The facts about China’s e-commerce market
It’s hard not to marvel at the scale of China’s massive e-commerce market when its annual turnover from last year alone amounted to US$4.26 trillion, higher than Germany’s entire GDP (US$4.21 trillion). Figures can be encouraging but how much of it was generated from online wine sales? Who are the major players driving China’s wine sales? And what wines are consumers buying online? Find out here.
Tmall.com, the retail platform of China’s biggest e-commerce company Alibaba, leads the country’s online retail scene with a market share of more than 50%, followed by JD.com and other platforms such as Suning.com.
The success of the world’s most connected country, with over 800 million Internet users, is best explained through ‘Singles’ day’, a massive online shopping extravaganza launched by Tmall.com 10 years ago, initially to encourage singletons to splurge on shopping instead of wallowing in sorrow.
This year, Tmall.com and JD.com together grossed over US$47 billion in one single day on 11 November, the equivalent of the entire annual GDP of Colombia. If just 1% of those sales is generated from wine, it would be US$470 million, close to a quarter of China’s total import value at US$2.55 billion.
That explains why wine importers, online retailers and producers are paying attention to the country’s vast e-commerce despite online wine sales’ current meagre percentage figures.
Scroll through the pages to find out who are the major players shaping China’s e-commerce landscape for wine sales, and what’s moving the online wine market.
What are the wine sales figures online?
Much is talked about the importance of e-commerce in China, but overall alcoholic sales including baijiu, beer and wine only account for some 6% of all online sales, of which baijiu sales still took the lion’s share.
The majority of online wine sales are believed to focus on mid and lower priced bottles, but a recent report by Exact Data, a Chengdu-based drinks industry research firm, suggested a growing premiumisation trend online. In the year ending this July, 59 million bottles of both domestic and imported wine worth RMB 5.25 billion (US$757 million) were sold through JD.com, Tmall and Taobao, the B2B platform of Alibaba. Compared with the same period last year, the value had increased by 33% but the volume declined by 19%, suggesting a trade-up trend, according to the firm.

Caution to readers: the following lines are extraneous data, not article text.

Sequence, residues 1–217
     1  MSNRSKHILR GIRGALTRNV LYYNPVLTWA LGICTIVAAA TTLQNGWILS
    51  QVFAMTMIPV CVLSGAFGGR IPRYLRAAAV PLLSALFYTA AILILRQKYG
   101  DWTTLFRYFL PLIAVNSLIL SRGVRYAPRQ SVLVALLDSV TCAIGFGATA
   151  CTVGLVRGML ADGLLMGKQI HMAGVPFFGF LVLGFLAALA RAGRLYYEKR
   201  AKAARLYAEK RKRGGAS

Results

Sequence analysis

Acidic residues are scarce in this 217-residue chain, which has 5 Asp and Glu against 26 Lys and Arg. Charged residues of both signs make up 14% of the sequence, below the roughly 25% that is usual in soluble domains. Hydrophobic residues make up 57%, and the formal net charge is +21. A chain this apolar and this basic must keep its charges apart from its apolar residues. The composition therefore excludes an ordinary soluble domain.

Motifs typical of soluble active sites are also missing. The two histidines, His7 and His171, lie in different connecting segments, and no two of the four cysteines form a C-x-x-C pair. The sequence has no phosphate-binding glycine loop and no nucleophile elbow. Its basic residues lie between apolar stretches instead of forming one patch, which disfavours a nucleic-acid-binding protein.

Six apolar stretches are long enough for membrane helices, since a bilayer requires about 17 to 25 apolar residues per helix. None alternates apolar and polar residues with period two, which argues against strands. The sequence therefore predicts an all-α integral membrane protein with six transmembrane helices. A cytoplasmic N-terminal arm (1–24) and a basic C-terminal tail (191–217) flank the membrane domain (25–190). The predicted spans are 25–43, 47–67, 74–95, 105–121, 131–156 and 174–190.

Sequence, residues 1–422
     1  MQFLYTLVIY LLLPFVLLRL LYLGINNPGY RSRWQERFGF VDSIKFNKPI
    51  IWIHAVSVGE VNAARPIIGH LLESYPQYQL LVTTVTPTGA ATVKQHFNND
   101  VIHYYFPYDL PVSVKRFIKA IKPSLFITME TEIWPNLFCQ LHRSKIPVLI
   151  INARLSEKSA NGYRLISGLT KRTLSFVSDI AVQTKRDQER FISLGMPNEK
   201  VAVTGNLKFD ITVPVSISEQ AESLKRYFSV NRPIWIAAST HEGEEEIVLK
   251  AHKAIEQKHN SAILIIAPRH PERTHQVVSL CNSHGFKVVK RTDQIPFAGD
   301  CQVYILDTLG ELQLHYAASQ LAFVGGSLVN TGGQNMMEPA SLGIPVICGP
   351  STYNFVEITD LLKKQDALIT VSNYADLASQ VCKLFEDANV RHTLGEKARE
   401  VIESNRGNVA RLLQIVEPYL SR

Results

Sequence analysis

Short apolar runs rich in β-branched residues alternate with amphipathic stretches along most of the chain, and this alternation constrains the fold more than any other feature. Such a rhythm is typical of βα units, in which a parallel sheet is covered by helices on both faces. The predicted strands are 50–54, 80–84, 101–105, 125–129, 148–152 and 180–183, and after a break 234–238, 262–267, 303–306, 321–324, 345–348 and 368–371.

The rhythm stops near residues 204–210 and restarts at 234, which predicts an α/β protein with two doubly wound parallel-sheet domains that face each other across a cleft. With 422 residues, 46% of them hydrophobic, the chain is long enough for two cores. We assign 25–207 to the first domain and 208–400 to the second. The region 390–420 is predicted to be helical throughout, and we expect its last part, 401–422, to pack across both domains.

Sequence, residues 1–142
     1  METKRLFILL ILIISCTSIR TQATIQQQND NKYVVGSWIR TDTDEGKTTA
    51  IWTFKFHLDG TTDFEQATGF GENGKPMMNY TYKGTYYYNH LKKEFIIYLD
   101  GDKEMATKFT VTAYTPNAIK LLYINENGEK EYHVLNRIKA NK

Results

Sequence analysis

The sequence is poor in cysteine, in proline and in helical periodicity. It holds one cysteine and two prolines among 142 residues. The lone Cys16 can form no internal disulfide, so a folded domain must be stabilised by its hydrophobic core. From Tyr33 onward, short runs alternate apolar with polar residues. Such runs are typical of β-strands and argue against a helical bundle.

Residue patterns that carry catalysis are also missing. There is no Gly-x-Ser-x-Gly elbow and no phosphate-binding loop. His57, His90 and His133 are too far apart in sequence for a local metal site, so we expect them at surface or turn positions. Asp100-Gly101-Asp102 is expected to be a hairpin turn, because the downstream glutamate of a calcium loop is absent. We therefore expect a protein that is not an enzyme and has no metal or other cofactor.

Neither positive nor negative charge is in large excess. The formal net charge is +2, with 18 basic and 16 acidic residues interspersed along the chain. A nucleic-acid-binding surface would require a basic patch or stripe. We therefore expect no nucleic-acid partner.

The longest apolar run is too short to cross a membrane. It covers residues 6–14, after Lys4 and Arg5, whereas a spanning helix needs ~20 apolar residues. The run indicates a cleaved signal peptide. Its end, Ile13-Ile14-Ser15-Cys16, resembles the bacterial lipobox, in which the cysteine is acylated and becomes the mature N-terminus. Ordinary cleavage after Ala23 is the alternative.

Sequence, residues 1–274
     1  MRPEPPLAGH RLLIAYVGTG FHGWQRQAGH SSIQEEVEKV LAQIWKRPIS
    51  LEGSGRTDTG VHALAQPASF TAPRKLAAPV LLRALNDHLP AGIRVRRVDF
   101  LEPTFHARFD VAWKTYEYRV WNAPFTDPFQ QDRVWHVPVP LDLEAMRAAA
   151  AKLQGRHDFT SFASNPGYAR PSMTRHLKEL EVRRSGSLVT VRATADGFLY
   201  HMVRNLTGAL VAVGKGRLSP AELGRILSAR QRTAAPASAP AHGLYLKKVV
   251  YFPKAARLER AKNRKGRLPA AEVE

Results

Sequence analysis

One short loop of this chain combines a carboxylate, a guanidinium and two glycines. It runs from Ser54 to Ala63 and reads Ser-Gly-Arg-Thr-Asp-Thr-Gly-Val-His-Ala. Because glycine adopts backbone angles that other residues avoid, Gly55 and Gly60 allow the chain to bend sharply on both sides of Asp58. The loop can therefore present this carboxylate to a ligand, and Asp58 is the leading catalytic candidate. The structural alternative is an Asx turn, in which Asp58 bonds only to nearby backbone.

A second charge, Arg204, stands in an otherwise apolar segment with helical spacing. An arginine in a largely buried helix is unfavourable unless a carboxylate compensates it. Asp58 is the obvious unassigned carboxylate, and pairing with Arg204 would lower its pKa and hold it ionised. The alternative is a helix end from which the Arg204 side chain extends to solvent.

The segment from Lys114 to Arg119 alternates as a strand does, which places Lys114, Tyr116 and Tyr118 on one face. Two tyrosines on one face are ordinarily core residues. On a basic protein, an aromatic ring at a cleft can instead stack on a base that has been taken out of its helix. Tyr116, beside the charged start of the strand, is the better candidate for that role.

Most of the growth in value came from wines priced at RMB 500 (US$72) a bottle and above to make up 42% of sales value generated in year ending July 2018, it continued.
This year, the country’s online alcoholic drinks sales are expected to reach RMB 100 billion (US$14.4 billion), based on forecasts in a joint report by Tmall and Moët Hennessy.
Who is driving online wine sales?
Tmall.com and JD.com are key drivers for online retail, while 1919.com, a Sichuan-based drinks specialist, is a forerunner in alcoholic beverage sales with a focused online store and more than 1,500 offline stores across 500 cities in the country. The company received a RMB 2 billion (US$290 million) investment from the Alibaba group only last month, signalling the e-commerce giant’s confidence in the drinks retailer’s business model.
Three years ago, hoping to replicate the success of Singles Day, Tmall launched its 9.9 Global Wine & Spirits Festival on 9 September. The inaugural year in 2016 was unveiled with much buzz, with leading wine critic James Suckling and key opinion leaders on board but its impact was limited and it was widely considered a flop. In tacit acknowledgment of the lacklustre performance, Tmall did not even publish the sales values as a result.
This seems to have changed when key opinion leaders such as Wang Shenghan, aka Lady Penguin, achieved what many had attempted – generating wine sales through online content. A graduate of Brown University in the States, Wang employs China’s popular social media platforms such as Sina Weibo, WeChat and most recently DouYin, a snapchat-like app, to promote wines using short video clips, sometimes appearing scantly dressed or bathing. She now boasts more than 4 million followers across various Chinese media platforms, she revealed at a seminar during Prowine China in Shanghai this week.
Other opinion formers include Terry Xu and the Chinese version of Kardashian sisters, who were most recently invited over by Wine Australia to promote Australian wines in China.
What are consumers buying online?
Based on Tmall.com’s 2018 online drinks report, five of its most popular wines sold online are Changyu, GreatWall, the DBR Lafite portfolio, Roosar and Château Monlot, owned by Chinese actress Zhao Wei. It’s worth noting that the top two selling wines are from China.
On JD.com, the ranking changed with two new additions from Australia. DBR Lafite came on top, followed by GreatWall, Changyu, Penfolds, and Yellow Tail.